Peppermint oil can work in much the same way if you don’t want to grow mint indoors. Just mix two teaspoons with a cup of water and spray around your home where necessary. 

You will want to keep your pets clear of mint as well, because it is toxic to both cats and dogs.  

3. Rosemary 


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Rosemary can make for a delicious garnish, particularly on a plate of fries. It’s used to add a herbal fragrance to all kinds of meals and can even be found in soaps, perfumes and makeup. While we may love the faint smell of rosemary, ants do not. It smells so intense to them that they will avoid it at all costs. In fact, flies, gnats and mosquitoes will steer clear as well, so you’re technically repelling several insects with one plant. 

Rosemary prefers a warm climate (50°F and above), but it can be grown outside as well as indoors. As long as it gets direct sun and regular water, although the soil prefers to be on the dry side, it will be happy. A humid environment is often welcome as well. This plant is non-toxic to cats and dogs, which is a bonus. 

4. Lavender

A vase filled with lavender on a book on a table

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Lavender is an easily-recognized plant, thanks to its tall and vibrant purple flowers. Its delicate and yet floral aroma is used frequently, found in sweets and cakes as well as soaps. Lavender oil has all kinds of uses as well, renowned for easing stress and helping you sleep. If you love the smell of lavender, but hate the sight of ants, you’re in luck. Ants can’t stand the smell of it, and will actively stay away from any strategically placed bunches around the home. That means if you know where the ants are coming in, be it a window or the back door — this could be a good spot for your lavender.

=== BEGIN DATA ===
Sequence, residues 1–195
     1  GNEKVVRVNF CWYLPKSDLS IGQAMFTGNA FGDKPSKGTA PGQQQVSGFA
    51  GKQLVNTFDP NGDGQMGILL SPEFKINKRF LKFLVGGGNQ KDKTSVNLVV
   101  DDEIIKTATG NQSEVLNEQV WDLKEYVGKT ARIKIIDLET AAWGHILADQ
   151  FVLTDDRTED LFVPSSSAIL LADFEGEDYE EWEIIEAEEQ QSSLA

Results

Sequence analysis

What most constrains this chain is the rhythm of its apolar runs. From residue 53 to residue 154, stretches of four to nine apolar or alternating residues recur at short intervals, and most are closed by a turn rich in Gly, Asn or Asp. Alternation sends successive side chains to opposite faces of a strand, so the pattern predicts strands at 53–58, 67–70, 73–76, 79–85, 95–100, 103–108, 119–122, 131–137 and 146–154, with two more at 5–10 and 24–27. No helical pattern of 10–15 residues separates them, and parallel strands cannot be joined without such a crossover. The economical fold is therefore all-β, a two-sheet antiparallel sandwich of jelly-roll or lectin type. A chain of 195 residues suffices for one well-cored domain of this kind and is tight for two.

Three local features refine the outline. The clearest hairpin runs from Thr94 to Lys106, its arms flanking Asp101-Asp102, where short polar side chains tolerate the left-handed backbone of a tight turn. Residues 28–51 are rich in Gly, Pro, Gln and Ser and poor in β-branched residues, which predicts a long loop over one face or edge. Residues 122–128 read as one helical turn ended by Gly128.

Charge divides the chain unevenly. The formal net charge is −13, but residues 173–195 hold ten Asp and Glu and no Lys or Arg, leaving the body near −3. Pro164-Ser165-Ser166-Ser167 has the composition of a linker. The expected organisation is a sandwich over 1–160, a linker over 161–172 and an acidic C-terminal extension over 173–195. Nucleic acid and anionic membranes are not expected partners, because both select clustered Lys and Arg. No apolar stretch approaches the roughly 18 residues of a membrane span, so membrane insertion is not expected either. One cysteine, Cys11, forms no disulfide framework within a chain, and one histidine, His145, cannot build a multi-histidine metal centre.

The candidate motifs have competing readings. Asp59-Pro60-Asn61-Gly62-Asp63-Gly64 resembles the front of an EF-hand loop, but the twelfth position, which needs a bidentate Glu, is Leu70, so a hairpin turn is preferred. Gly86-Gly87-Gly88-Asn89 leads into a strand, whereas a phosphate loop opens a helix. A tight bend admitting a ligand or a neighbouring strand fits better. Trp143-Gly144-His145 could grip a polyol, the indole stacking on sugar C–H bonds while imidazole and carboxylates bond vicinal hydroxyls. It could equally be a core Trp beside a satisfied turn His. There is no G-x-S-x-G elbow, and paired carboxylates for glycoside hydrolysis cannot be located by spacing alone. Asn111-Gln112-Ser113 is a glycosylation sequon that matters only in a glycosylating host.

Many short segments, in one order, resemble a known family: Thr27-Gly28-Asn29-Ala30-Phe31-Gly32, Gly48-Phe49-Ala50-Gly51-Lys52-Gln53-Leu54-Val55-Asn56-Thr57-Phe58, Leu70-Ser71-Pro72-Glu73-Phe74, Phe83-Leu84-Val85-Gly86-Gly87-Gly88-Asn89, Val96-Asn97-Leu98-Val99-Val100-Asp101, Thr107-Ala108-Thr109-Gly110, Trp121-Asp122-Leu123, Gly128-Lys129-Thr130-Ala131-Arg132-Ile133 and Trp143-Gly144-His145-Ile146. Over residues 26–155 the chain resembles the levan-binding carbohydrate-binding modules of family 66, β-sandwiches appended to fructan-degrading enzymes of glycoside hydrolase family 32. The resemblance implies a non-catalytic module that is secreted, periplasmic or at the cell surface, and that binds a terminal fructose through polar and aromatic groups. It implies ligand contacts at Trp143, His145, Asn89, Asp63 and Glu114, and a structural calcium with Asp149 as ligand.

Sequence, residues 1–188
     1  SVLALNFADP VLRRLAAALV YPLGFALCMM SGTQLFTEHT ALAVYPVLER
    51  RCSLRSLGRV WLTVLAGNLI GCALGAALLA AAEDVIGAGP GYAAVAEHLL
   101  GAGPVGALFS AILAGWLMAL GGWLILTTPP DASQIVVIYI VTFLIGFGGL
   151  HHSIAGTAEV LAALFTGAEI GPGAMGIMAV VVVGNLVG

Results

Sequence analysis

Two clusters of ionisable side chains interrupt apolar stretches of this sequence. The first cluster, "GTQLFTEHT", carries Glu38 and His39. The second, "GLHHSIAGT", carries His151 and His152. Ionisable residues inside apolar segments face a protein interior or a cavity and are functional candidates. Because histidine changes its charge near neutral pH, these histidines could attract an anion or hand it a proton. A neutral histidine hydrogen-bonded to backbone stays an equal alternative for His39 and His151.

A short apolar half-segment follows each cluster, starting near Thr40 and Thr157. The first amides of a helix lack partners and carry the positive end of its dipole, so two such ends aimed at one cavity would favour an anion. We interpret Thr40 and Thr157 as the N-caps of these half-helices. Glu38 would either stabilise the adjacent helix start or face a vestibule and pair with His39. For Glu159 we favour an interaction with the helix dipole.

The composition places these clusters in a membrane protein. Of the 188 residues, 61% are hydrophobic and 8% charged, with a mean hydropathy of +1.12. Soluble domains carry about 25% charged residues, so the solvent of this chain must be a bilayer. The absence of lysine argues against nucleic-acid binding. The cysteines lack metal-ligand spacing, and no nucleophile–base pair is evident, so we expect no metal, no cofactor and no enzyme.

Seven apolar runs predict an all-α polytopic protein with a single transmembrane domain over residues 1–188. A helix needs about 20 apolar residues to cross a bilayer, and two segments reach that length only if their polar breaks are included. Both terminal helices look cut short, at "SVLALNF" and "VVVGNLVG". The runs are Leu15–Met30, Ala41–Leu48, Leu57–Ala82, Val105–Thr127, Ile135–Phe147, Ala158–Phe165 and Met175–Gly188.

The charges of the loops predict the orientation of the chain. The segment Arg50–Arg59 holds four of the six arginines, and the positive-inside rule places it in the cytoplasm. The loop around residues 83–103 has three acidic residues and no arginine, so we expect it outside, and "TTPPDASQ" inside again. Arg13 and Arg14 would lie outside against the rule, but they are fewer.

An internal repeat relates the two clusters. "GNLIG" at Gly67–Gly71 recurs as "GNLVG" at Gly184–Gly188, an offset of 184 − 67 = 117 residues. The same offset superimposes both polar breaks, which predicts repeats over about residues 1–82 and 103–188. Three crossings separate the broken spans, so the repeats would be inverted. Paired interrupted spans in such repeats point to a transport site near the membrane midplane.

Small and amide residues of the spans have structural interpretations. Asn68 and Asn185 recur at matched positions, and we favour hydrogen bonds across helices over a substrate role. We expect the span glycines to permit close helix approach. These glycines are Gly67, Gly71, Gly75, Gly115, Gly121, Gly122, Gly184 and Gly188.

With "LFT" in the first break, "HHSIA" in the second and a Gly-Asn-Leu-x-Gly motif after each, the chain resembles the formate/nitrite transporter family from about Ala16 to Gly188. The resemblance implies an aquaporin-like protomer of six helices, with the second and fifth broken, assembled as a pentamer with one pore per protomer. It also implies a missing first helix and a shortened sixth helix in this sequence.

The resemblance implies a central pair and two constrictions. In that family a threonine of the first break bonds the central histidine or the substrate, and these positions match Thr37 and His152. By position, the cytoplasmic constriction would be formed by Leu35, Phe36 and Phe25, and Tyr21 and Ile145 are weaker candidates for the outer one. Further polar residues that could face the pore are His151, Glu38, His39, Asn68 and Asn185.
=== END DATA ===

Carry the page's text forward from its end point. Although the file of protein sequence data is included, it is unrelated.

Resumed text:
Lavender is pretty hardy, enjoying full sun and lasting well in dry conditions. Take care not to overwater it, and make sure the soil can drain freely. They can be grown outside or in, and will require pruning back in the late summer. Bear in mind that these are toxic to both cats and dogs though. 

Lavender oil can also be used to much the same effect. It can be combined with your cleaning products or laundry detergent to take advantage of the ant-repelling aroma.      

5. Garlic 

Two containers filled with garlic

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While garlic isn’t well-known for its beauty, it’s still a useful plant in more ways than one. Not only does it supply a delicious ingredient which can help flavor some of your favorite dishes, it will keep ants out of your kitchen once and for all. This is because that strong smell that garlic is renowned for, is working its magic on insects as well. This vegetable emits sulfurous compounds when the skin is cut, so pests will naturally give it some distance to avoid this. It can take its toll on mosquitoes, flies, rodents as well as ants, so it’s a good addition to a kitchen.